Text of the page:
My first machine was the Commodore 64, hotted up with dual 5-1/4-inch floppy drives (one for programs, one for data) and an industrial 9-inch amber monitor (using a TV as a monitor made the thing feel like a toy). Unlike most C64 users, I couldn't care less about gaming; I used it for word processing. There was a great WYSIWYG word processing program from Sierra On-Line, of all companies. This was back in the mid '80s, so several of my professors wouldn't accept papers printed on my C64's Epson LX-80 dot-matrix printer because they weren't "typed." But changing to Courier font, the "extra fine" print setting and microperf paper fooled the old goats into thinking I was still on a Smith Corona. My love for Commodore ended when I "upgraded" to the company's Executive 64 luggable. What a piece of junk. A few months later, I picked up an IBM PC/XT--but I still miss the C64's instant boot!


Mike Kwatinetz, General Partner, Azure Capital Partners
My first computer was a non-branded kit that I won in junior high for being the top math student in the school. This predated the launch of the first PCs. I had to assemble it, and that was very tough. It included schematics and about a thousand wires that had to be correctly connected and a number of other parts. It took me several days to put it together. But it was an incredibly exciting experience. When I was finished, I had a computer that played tic-tac-toe against you. It had the optimal strategy programmed in so that it always won or the game was a draw. There was a three by three grid with light bulbs that lit up as you and the computer made your picks. It may seem pretty prosaic now, but at the time it was very exciting. To put it in perspective, comparing it to a PC is similar to comparing OQO's handheld Windows XP PC to the ENIAC.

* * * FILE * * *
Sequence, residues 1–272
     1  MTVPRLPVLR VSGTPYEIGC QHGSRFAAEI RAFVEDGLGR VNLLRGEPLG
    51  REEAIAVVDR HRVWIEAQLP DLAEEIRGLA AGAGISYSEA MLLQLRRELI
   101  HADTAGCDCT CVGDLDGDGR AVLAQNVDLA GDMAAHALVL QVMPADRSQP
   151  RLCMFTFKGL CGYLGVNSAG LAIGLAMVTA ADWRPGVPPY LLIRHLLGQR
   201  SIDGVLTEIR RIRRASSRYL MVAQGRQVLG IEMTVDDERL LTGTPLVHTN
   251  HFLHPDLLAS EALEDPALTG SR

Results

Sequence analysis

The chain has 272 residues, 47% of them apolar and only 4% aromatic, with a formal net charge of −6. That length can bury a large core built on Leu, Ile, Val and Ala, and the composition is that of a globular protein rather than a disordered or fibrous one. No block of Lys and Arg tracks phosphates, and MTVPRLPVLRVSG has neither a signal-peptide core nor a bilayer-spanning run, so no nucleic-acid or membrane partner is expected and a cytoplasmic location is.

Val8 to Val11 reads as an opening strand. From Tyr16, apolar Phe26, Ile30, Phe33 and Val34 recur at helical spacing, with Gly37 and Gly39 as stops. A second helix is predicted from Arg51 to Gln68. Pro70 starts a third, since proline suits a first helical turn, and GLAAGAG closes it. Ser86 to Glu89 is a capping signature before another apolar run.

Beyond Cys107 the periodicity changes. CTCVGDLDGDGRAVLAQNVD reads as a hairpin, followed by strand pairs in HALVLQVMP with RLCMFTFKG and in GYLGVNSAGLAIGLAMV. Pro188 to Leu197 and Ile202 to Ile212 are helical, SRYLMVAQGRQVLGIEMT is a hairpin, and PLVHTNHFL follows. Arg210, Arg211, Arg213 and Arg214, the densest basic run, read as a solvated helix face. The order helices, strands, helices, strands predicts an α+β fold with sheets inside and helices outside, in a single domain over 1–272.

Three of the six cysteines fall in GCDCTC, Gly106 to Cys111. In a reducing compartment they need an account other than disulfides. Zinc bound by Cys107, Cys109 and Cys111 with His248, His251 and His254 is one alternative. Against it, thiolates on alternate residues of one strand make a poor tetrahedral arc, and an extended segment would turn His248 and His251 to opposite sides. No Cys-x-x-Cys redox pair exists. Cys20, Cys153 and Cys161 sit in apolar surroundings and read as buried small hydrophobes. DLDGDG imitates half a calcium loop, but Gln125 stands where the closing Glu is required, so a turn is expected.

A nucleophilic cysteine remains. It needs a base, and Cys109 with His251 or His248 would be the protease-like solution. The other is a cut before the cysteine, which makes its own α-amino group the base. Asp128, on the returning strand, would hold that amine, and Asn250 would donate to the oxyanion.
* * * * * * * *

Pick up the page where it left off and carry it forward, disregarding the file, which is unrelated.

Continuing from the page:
William Kahan, Professor of Computer Science, UC Berkeley
Someone (at the University of Toronto in 1953) told me there was something called a computer in an obscure corner of the physics building. I tried to imagine how I would construct one. If you are going to see something new, it is always good to go in mentally prepared. I thought it was marvelous. It made an enormous change in my life. I was interested in math and electricity and the two things crashed together.

(That year, he got a job in the computer lab, where the staff built an online reservation system for an airline.)